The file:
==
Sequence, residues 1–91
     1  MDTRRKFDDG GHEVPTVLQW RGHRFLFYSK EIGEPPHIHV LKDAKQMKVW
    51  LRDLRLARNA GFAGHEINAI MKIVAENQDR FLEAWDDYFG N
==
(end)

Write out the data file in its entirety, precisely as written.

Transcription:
Sequence, residues 1–91
     1  MDTRRKFDDG GHEVPTVLQW RGHRFLFYSK EIGEPPHIHV LKDAKQMKVW
    51  LRDLRLARNA GFAGHEINAI MKIVAENQDR FLEAWDDYFG N